Striking the balance in industrial relations in China? An analysis of court decisions of 897 strike cases (2008–2015)

Tianyu Wang, Fang Lee Cooke

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Labour legislation in China does not clearly stipulate the legality of strikes. The prevalent view amongst scholars is that strikes are legitimate because ‘everything which is not prohibited is allowed’. However, our analysis of court rulings on 897 strike cases between 2008 and 2015 indicates otherwise. The converse principle, ‘everything which is not allowed is prohibited’, seems to prevail. Of the two established doctrines (per se violation and rule of reason), the former appears to be preferred. The majority of court decisions routinely uphold the employer’s decision to dismiss strikers, on the grounds that the strikers violated work rules against work stoppages, and that the strike is illegitimate. Only a small number of decisions take into account the context of employees’ demands and the reasonableness of their conduct, and determine that they are engaged not in work stoppages but in ‘negotiations’. The disproportionate adoption of the principle of per se violation in collective action cases indicates a dominance of a formalist approach to legal reasoning, which is underpinned by the courts’ professional conservatism and political duty in the current Chinese politico-economic environment.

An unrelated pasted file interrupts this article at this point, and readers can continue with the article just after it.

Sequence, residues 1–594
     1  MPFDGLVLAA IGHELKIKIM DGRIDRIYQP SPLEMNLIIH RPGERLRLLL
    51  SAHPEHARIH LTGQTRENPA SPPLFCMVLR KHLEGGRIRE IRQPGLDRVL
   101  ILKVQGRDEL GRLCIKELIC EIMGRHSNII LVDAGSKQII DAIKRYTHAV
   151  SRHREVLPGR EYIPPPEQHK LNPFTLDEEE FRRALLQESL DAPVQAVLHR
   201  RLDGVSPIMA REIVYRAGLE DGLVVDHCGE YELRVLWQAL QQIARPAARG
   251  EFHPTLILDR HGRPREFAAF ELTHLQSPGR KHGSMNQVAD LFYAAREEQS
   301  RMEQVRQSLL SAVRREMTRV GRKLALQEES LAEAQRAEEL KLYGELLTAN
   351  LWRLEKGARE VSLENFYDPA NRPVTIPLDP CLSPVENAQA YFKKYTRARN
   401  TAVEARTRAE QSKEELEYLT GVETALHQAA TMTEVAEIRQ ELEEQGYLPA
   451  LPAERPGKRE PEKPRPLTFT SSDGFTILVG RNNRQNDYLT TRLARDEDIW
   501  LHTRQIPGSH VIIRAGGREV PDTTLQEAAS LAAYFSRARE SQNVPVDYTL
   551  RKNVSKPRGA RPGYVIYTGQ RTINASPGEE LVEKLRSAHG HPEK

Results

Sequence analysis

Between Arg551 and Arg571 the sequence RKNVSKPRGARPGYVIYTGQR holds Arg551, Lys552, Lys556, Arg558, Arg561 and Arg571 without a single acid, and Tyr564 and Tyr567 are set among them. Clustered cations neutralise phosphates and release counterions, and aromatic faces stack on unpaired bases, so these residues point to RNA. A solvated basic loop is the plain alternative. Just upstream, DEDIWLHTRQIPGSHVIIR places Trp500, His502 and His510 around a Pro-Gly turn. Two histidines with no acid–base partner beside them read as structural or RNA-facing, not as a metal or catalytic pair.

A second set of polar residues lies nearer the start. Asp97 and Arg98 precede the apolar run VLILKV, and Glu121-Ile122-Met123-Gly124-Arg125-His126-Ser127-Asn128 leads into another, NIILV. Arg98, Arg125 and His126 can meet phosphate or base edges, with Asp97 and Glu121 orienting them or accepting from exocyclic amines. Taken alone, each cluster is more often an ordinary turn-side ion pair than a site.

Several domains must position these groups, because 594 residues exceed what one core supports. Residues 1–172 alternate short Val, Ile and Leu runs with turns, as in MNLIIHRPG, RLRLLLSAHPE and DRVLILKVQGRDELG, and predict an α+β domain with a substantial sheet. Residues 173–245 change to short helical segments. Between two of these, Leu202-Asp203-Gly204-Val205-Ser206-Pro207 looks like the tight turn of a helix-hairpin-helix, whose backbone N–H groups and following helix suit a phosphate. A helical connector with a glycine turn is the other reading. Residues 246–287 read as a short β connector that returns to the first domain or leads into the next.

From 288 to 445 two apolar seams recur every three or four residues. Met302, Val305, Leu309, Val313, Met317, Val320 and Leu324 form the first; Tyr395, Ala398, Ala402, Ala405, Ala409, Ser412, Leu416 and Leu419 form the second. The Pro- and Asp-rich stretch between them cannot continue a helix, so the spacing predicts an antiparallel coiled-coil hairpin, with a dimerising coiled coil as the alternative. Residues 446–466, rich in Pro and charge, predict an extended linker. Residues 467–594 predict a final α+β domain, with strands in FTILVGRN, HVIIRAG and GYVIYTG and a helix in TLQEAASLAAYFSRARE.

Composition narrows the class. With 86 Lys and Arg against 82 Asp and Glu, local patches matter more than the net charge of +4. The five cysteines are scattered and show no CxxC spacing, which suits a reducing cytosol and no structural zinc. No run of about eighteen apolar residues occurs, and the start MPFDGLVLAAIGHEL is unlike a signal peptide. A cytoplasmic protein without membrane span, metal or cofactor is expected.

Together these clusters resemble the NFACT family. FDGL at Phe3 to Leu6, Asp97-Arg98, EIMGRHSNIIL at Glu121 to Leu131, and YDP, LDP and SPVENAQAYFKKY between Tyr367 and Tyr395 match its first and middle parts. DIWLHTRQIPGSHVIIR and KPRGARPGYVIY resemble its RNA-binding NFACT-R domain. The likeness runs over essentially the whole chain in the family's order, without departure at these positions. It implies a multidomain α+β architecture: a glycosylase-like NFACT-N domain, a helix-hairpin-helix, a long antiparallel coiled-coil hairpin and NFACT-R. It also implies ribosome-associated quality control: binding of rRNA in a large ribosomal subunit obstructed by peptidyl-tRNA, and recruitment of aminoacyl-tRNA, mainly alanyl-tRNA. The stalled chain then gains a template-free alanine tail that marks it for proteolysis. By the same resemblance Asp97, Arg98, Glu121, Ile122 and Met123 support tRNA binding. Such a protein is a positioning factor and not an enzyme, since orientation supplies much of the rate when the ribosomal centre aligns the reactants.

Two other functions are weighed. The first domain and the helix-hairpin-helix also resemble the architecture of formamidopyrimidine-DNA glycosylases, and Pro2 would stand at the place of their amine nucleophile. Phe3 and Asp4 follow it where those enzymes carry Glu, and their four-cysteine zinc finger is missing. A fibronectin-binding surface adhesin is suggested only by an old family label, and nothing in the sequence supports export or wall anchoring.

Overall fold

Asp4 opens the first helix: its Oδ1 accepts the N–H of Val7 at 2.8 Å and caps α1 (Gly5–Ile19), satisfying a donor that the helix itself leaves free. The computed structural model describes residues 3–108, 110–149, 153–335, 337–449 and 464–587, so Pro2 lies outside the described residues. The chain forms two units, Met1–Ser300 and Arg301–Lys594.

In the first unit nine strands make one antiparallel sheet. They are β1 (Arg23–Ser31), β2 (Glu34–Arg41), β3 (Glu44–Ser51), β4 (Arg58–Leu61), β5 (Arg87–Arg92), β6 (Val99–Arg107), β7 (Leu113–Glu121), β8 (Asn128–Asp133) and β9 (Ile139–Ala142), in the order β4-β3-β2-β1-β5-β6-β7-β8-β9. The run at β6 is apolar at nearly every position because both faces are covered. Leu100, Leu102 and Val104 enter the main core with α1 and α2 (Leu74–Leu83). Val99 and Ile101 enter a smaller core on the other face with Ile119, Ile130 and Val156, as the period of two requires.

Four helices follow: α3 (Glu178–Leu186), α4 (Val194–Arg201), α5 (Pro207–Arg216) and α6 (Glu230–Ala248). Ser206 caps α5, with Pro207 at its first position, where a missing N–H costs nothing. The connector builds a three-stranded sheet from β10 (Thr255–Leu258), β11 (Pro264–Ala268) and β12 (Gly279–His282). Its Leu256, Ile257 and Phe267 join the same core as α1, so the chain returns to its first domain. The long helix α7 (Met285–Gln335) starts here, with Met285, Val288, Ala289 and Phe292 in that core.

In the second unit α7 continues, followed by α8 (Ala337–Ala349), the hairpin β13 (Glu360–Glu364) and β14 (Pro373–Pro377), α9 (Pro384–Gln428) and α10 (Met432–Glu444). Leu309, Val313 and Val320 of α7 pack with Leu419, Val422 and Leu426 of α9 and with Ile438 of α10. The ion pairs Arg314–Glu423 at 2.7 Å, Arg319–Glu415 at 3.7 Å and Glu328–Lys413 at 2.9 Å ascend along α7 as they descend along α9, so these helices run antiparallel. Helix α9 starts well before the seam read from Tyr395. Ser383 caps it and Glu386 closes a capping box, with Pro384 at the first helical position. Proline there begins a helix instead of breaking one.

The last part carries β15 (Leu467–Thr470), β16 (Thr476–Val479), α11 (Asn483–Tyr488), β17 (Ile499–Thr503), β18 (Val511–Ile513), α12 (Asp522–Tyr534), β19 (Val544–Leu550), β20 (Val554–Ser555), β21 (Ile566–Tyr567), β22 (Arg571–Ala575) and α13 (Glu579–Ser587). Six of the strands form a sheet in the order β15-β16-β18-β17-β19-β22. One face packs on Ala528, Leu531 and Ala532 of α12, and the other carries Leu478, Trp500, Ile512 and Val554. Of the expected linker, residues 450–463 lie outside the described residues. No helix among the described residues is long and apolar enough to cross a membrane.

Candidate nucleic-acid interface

Original languageEnglish
Pages (from-to)22-43
Number of pages22
JournalJournal of Industrial Relations
Issue number1
Publication statusPublished - 1 Feb 2017


  • China
  • court decision
  • labour dispute
  • labour law
  • right to strike

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